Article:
is an interview with Linda Gillard, author of Emotional Geology
which is our featured title this month.
: What’s EMOTIONAL GEOLOGY about?
: Madness, memory and mountaineering! It’s set
on the remote, Gaelic-speaking island of North Uist and on the Isle
of Skye (where I live), off the north-west coast of Scotland. It’s
a strong, offbeat romance between a sexy, middle-aged, manic-depressive
textile artist and an equally fragile younger man. The narrative
style of the book is unusual – spare and kaleidoscopic –
and some of the story is actually told in poems. The plot and the
narrative are layered in time, a bit like an archaeological dig.
: Why did you write it?
: I became interested in the little-understood bi-polar
affective disorder (popularly known as manic depression.) I wanted
to write a book that would entertain but also educate readers about
this terrifying illness. I see a real need for that. It’s
been predicted that mental illness will be the epidemic of the 21st
century, yet according to a recent Depression Alliance survey, 26%
of the British population don’t believe mental illness is
a genuine illness! EMOTIONAL GEOLOGY tackles some of the issues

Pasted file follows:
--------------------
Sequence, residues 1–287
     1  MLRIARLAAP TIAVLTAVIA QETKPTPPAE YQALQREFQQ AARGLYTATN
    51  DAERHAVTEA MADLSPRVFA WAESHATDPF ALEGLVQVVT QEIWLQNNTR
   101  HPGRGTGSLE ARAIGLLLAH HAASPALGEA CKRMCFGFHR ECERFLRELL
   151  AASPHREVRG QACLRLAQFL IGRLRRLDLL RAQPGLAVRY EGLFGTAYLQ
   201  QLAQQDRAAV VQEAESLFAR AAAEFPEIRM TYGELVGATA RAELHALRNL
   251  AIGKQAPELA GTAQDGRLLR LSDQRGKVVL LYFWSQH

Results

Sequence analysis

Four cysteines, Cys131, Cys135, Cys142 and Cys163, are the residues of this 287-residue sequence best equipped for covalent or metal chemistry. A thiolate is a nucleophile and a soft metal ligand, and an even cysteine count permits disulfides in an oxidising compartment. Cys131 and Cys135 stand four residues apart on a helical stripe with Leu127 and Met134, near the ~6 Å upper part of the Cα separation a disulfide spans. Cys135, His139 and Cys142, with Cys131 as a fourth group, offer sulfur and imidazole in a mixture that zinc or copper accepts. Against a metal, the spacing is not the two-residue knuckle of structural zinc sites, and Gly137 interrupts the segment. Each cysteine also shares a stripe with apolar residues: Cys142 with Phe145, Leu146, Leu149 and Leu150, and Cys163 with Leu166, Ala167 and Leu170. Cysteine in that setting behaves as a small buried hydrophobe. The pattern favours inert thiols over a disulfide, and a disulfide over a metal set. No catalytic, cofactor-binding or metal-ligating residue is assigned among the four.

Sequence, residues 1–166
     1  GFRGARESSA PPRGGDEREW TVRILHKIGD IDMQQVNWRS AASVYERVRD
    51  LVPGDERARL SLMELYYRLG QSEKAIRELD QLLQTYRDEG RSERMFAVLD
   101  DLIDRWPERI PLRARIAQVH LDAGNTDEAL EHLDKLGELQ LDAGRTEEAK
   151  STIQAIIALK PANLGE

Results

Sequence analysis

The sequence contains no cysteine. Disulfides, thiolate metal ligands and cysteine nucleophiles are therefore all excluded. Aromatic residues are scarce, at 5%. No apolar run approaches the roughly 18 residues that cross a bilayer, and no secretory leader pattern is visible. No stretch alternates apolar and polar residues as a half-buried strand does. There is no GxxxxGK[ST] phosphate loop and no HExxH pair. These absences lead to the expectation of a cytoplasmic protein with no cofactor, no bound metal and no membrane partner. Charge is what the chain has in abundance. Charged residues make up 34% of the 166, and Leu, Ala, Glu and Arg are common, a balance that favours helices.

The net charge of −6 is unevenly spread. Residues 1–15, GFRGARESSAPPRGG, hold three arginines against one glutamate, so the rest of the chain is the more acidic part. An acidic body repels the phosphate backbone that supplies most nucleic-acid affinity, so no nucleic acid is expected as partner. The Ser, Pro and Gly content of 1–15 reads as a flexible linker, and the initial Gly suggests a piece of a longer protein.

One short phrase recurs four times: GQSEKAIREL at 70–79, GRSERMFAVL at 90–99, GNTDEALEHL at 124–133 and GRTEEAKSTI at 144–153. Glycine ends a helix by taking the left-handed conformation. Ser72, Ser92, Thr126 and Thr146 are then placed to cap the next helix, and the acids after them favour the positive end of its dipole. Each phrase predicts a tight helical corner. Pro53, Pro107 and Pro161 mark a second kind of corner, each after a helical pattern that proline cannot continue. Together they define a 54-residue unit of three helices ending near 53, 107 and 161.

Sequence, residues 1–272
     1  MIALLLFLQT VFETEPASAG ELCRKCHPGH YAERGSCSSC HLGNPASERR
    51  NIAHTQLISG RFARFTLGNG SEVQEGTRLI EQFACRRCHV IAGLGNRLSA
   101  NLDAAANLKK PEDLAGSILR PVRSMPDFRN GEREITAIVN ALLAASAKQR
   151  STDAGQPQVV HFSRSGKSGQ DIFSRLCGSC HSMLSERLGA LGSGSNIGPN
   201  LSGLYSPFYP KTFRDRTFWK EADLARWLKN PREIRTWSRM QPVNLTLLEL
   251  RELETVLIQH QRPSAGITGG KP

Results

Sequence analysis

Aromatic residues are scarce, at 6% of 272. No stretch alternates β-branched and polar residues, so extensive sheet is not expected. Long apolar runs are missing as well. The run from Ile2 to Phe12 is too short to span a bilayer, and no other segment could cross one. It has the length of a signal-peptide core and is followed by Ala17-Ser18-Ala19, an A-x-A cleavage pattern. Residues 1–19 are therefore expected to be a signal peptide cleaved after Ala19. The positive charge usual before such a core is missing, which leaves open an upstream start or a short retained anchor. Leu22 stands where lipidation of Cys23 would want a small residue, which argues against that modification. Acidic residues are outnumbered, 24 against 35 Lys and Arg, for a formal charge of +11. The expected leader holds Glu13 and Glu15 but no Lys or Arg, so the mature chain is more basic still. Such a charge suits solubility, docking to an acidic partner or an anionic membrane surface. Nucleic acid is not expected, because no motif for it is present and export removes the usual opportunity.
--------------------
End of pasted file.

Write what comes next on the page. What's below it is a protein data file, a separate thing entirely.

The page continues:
around managing bi-polar and the terrible toll mental illness can
take on families and relationships.
: Quite a heavy read then?
LG : No, not at all! I actually wrote
EG as a self-indulgent treat for myself. I was living alone on a
hillside on Skye 2 miles from the nearest village. I couldn’t
find the sort of thing I wanted to read in bookshops (which were
awash with chick-lit at the time) so I wrote a thinking-woman’s
romance that dealt with real issues and had likeable, believable
characters. I gave myself two gorgeous sexy heroes who happened
to be quite a bit younger than the heroine who was 47. There’s
comic dialogue and tough issues in about equal measure and some
great erotic writing. EG was written with passion and paint-stripper
honesty because I knew the book would never be published and frankly,
didn’t give a damn. Writing was its own reward as far as I
was concerned. I had a wonderful time writing it and I think that
communicates itself to the reader.
: Why did you opt for a middle-aged heroine?
LG : I was sick to death of middle-aged
women being portrayed as somebody’s mother, somebody’s
wife and only being allowed to pull the hero if they were well-preserved,
thin and actually looked 39! Rose is attractive, but not beautiful.
What draws men to her is her mind, which is as alluring as it is
damaged. I made her 47 because that’s how old I was when I
started the book and I made the hero younger because I was heavily
into wish-fulfilment fantasy! But I also wanted to explore a relationship
that didn’t play by all the usual rules. I wanted to put an
intelligent, creative, attractive woman in the spotlight and ignore
her age, just look at her heart and mind and I wanted my hero to
do the same. I thought a younger man would be more likely to do
: What was the hardest part of the book to write?
LG : Oh, without doubt, the party scene
– Calum’s 40th birthday (Ch. 11). I put it off for months!
By the time I sat down to write it I was just dreading it. It was